The former head of the British Labour Party, Ed Miliband, offers a few thoughts on inequality for the London Review of Books. He cites statistics and studies, including those of the International Monetary Fund and the Organization of Economic Cooperation and Development, which confirm what many of us feel: that the rich are growing richer and the Rest of Us are either treading water or sinking fast.
But one takeaway from the article, among many, intrigues. Inequality is not just bad for those who miss out on economic prosperity. The entire economy itself struggles when so many have so little while a relative few have so much.
One solution is redistribution. Impose more taxes on the wealthy then transfer benefits to those in need. However, this will not cut it, argues Miliband. Citing Joseph Stiglitz, there is something fundamentally wrong in a system that lavishly rewards a small minority as it denies economic security for everyone else. Raising tax rates will get us only so far. There must be pre-distribution initiatives. Miliband:
…tackling inequality demands that we act on all fronts. When I was the leader of the Labour Party, I said that we needed to talk not just about redistribution but also about ‘predistribution’. The word is ugly, but the idea was right. You can only do so much with tax and transfers: the more wildly imbalanced the economy and earnings, the harder it is, especially in a globalised economy, to do anything about inequality. And the more unbalanced the initial distribution of income, the harder it will be to win political support for progressive taxation, given the strength of the forces opposed to change. The living wage and the introduction of proper rules on executive pay are at least as important as rates of income tax. We need, too, a much more open discussion about the top 1 per cent. We should acknowledge the contribution they make as well as the burden they place on everyone else. The entrepreneurs, inventors and software designers who reap big rewards often make a big contribution to the creation and sustaining of jobs, but what balance should be struck between how much they are rewarded – and how much more than others in their companies – and how much they are taxed? Until quite recently, people would ask why it mattered that those at the top were doing so well, as long as everyone else was prospering too. But it can’t any longer be denied that the scale of the rewards reaped by the 1 per cent has the effect of denying others. The scale of the effect is, of course, particularly visible in the London housing market, with wealthy buyers, many of them from outside the UK, pushing up prices and putting London out of reach for a great many people.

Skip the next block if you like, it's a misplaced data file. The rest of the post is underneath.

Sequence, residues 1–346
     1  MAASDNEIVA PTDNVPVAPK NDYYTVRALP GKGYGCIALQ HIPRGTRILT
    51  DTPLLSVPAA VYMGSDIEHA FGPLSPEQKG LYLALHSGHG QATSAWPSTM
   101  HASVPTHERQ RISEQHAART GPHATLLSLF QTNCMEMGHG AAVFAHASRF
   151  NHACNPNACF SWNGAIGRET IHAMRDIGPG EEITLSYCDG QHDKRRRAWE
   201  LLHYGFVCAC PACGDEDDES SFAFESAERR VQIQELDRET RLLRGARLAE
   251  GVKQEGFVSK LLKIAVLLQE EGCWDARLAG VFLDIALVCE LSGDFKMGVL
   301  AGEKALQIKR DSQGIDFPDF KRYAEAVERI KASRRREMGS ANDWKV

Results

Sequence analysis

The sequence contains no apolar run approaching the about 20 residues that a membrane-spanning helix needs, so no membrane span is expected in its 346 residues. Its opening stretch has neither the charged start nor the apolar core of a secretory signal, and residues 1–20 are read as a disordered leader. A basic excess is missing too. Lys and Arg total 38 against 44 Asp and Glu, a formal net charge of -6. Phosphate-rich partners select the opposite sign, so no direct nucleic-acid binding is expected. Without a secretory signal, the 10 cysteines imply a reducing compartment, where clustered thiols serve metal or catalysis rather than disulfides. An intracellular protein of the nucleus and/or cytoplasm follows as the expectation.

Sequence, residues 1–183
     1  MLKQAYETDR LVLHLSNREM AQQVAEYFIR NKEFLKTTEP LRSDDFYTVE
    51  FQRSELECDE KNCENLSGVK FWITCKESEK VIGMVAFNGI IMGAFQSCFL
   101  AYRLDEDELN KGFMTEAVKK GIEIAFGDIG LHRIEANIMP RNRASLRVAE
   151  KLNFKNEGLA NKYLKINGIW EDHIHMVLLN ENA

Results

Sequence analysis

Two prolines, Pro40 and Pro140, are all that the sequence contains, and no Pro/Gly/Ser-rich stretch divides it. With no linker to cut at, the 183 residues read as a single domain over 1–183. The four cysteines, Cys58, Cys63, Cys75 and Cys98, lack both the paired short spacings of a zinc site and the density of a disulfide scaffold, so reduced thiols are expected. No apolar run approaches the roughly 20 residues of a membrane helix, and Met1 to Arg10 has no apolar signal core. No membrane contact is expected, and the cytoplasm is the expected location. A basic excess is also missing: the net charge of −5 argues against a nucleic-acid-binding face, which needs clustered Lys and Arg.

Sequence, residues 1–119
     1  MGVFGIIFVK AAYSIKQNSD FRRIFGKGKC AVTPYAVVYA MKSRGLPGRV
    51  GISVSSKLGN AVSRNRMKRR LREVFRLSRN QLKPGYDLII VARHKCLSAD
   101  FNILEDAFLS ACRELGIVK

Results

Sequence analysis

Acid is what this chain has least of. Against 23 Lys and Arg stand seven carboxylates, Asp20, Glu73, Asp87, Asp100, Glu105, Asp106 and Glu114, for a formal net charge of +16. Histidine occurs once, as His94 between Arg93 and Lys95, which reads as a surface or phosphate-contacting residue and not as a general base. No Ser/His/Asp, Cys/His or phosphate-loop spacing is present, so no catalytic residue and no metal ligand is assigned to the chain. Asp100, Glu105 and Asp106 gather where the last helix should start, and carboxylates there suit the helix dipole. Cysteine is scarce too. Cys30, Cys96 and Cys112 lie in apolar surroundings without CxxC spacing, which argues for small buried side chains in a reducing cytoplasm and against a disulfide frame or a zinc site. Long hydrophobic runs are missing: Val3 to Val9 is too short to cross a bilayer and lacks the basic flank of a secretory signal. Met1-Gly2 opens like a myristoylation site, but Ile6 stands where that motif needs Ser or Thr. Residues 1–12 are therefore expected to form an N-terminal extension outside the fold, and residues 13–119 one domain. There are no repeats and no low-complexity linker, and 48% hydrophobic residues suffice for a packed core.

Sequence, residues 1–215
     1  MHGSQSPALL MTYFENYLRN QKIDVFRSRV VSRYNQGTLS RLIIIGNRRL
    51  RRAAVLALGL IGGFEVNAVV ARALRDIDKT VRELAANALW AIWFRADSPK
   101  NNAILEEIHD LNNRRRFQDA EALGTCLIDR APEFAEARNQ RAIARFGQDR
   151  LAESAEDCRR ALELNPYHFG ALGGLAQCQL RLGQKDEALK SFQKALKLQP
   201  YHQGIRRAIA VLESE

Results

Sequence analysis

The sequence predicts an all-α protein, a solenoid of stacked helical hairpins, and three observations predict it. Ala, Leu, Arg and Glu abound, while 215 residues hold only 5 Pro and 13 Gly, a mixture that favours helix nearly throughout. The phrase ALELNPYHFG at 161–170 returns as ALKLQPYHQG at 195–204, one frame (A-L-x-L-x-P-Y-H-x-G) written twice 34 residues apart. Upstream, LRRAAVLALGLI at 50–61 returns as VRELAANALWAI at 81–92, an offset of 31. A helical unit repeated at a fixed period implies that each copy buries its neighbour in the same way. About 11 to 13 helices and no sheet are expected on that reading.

Miliband begins his essay mentioning Seattle’s own Nick Hanauer. He is wealthy, though he attributes his wealth to luck, picking the right parents, and both “consequences” and “timing.” Hanauer visibly and financially supports the growing efforts to increase the minimum wage, a pre-distributional strategy, because he knows that his position has little to do with his own efforts. This attitude places him outside prevailing sentiments.
We Americans persistently cling to the fiction that we, too, can become the next Bill Gates, if only we work hard and smart. Against all evidence to the contrary, we believe that we live in a land of upward social mobility, and that whether we climb or fall has everything to do with us, as individuals, than with good fortune and good parentage. Such beliefs prevent us from seeing a much starker reality: the decks are stacked against the Rest of Us.
As much as we, or certainly I, loathe politics, we are forced to accept the truism that only through political action, at whatever level, can we arrest rising inequality and promote the Rest of Us. What a difficult challenge, to be sure. I regret that we’re not up to the task. Whether or not I’m being overly pessimistic, the task begins with opening our eyes.